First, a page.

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County Meath (// MEEDH; Irish: Contae na Mí or simply an Mhí) is a county in the Eastern and Midland Region of Ireland, within the province of Leinster. It is bordered by County Dublin to the southeast, Louth to the northeast, Kildare to the south, Offaly to the southwest, Westmeath to the west, Cavan to the northwest, and Monaghan to the north. To the east, Meath also borders the Irish Sea along a narrow strip between the rivers Boyne and Delvin, giving it the second shortest coastline of any county. Meath County Council is the local authority for the county.
Contae na Mí
The Royal County
Irish: Tré Neart le Chéile
|Anthem: "Beautiful Meath" (unofficial)|
|Region||Eastern and Midland|
|Kingdom of Meath||Antiquity|
|Lordship of Meath||1172|
|Division of Meath||1542|
|County town||Navan (1898–) |
|• Local authority||Meath County Council|
|• Dáil constituencies|
|• EP constituency||Midlands–North-West|
|• Total||2,342 km2 (904 sq mi)|
|Highest elevation||276 m (906 ft)|
|• Density||94/km2 (240/sq mi)|
Meath is the 14th-largest of Ireland's 32 traditional counties by land area, and the 8th-most populous, with a total population of 220,826 according to the 2022 census. The county town and largest settlement in Meath is Navan, located in the centre of the county along the River Boyne. Other towns in the county include Trim, Kells, Laytown, Ashbourne, Dunboyne, Slane and Bettystown.
Colloquially known as "The Royal County", the historic Kingdom of Meath was the seat of the High King of Ireland and, for a time, was also the island's fifth province. Ruled for centuries by the Southern Uí Néill dynasty, in the late 1100s the kingdom was invaded by the Anglo-Norman conqueror Hugh de Lacy, who ousted the Uí Néill and established himself as the Lord of Meath. This lordship gradually diminished in size before being formally shired as County Meath in 1297, which was further sub-divided into Meath and Westmeath in 1542. The county took its present boundaries in 1977, when much of Drogheda was transferred to County Louth.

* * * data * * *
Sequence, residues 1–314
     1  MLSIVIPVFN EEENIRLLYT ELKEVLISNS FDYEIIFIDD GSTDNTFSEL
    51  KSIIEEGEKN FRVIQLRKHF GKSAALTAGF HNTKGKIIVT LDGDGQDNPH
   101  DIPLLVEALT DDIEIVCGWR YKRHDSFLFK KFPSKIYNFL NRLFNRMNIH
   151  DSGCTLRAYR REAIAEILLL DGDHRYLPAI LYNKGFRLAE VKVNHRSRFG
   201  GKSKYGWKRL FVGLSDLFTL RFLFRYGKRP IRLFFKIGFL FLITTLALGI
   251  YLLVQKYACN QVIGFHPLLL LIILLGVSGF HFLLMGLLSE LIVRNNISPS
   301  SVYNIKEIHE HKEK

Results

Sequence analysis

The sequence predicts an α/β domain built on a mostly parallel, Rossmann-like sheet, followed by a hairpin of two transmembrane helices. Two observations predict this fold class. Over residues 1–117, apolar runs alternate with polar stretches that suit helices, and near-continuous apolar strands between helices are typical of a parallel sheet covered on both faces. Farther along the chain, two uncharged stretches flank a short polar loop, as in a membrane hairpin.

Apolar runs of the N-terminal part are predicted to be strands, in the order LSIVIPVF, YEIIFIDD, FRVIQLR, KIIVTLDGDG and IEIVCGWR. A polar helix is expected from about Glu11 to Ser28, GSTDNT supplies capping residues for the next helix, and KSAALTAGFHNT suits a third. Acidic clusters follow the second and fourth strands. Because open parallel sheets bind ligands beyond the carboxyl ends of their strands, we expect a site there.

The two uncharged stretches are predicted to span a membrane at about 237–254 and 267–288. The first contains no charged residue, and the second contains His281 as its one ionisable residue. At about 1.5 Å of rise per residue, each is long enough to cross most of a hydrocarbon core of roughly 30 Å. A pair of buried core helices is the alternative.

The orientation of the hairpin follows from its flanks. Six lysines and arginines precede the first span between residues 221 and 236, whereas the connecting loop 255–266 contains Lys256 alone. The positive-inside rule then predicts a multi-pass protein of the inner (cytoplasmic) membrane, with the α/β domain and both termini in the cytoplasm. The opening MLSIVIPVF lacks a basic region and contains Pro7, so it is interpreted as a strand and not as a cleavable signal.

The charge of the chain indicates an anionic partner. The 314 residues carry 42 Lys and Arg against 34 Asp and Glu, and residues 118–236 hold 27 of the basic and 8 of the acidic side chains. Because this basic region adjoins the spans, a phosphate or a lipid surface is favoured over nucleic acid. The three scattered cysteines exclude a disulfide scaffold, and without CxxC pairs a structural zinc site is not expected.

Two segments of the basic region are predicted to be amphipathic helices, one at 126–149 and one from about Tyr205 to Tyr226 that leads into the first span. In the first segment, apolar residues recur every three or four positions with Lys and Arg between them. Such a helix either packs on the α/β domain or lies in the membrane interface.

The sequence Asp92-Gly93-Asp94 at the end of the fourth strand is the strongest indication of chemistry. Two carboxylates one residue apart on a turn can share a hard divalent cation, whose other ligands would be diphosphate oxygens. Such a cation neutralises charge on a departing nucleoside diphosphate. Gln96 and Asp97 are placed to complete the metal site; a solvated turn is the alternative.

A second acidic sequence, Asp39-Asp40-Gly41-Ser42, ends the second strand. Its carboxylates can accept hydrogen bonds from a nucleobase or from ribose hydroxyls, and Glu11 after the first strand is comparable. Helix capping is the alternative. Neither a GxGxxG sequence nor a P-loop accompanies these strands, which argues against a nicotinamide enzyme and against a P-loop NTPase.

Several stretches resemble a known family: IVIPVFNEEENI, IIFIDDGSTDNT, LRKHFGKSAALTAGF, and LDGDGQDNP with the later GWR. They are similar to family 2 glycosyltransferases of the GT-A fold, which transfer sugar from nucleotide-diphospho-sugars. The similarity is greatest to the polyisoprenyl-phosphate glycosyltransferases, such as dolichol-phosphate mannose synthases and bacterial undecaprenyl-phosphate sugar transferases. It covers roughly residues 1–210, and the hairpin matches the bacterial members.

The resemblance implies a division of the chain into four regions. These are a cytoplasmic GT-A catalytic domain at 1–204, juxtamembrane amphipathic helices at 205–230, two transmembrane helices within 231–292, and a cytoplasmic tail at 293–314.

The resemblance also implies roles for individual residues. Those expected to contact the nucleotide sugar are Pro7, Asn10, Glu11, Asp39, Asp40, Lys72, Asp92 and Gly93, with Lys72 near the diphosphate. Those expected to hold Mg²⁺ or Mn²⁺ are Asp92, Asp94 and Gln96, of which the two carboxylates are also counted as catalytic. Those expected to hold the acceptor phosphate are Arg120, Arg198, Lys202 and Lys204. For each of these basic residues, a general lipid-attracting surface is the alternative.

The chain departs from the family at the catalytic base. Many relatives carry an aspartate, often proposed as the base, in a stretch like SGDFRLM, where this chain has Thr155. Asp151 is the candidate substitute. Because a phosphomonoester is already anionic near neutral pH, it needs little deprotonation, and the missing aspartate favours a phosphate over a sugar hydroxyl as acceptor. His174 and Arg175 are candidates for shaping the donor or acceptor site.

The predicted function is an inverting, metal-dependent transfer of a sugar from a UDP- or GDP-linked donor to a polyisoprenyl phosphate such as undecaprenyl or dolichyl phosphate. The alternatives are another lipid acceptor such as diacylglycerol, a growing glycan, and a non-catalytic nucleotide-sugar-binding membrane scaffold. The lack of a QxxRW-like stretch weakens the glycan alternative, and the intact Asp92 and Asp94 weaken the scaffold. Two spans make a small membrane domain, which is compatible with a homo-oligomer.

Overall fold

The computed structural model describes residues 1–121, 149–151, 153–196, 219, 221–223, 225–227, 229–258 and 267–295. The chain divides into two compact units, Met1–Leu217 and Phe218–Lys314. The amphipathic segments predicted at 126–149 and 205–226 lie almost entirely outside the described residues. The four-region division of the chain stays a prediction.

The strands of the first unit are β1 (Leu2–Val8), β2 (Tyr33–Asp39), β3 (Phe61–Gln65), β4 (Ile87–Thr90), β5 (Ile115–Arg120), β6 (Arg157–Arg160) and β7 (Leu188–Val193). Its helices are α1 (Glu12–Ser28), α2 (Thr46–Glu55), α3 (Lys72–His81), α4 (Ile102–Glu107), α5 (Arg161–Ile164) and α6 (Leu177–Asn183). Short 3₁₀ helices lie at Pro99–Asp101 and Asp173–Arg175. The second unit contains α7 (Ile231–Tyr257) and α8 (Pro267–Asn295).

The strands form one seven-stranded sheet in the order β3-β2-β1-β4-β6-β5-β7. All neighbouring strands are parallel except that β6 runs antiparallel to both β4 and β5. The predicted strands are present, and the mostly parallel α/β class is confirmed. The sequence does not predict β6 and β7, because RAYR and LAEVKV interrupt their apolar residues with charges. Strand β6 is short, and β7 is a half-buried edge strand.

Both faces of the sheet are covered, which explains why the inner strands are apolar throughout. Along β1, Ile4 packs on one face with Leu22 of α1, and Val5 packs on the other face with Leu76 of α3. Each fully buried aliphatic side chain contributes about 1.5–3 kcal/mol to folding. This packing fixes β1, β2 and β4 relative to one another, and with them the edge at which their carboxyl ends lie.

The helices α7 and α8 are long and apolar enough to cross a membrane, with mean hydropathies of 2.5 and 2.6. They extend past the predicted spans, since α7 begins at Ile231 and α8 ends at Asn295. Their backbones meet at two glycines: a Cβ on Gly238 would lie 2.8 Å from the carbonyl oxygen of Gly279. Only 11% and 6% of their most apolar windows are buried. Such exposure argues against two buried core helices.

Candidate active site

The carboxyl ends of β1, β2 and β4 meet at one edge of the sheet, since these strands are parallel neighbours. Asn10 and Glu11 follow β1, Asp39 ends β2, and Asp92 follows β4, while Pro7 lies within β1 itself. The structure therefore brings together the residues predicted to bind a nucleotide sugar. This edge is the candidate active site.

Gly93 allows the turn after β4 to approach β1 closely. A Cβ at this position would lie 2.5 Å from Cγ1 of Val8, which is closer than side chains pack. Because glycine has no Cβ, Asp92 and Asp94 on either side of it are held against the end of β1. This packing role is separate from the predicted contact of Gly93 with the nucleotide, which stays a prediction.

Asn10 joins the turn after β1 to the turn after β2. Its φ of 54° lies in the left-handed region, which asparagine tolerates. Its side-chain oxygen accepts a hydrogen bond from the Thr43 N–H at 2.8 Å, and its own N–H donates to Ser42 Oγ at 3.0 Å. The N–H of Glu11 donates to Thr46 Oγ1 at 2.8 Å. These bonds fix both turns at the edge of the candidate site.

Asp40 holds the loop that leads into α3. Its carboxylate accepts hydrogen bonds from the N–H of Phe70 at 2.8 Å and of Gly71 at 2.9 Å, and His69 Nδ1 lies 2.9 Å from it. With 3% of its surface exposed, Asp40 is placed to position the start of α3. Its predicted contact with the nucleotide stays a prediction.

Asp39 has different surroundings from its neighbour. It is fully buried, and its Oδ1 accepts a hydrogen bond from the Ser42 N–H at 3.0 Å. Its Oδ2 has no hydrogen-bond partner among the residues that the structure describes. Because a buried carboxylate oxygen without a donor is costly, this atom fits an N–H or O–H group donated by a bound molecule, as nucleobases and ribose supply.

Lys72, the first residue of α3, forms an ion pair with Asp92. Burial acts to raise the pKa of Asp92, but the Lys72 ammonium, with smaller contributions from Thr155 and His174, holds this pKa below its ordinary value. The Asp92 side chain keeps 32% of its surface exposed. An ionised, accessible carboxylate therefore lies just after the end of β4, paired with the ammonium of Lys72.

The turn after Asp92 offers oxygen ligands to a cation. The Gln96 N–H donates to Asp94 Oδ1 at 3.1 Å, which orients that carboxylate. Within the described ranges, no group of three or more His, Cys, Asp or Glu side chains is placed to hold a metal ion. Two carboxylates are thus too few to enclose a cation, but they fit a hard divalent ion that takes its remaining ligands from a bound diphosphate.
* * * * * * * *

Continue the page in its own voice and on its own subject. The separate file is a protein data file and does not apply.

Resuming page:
Meath has an abundance of historical sites, including the Hill of Tara, Hill of Slane, Newgrange, Knowth, Dowth, Loughcrew, the Abbey of Kells, Trim Castle and Slane Castle. The county was also the site of the seminal Battle of the Boyne, which was fought near Oldbridge in 1690, ending in the defeat of James II and his flight to France. It is the only county in Leinster to have Gaeltacht regions, at Ráth Chairn and Baile Ghib, and is also one of only two counties outside of the west of Ireland to have an official Gaeltacht (the other being County Waterford).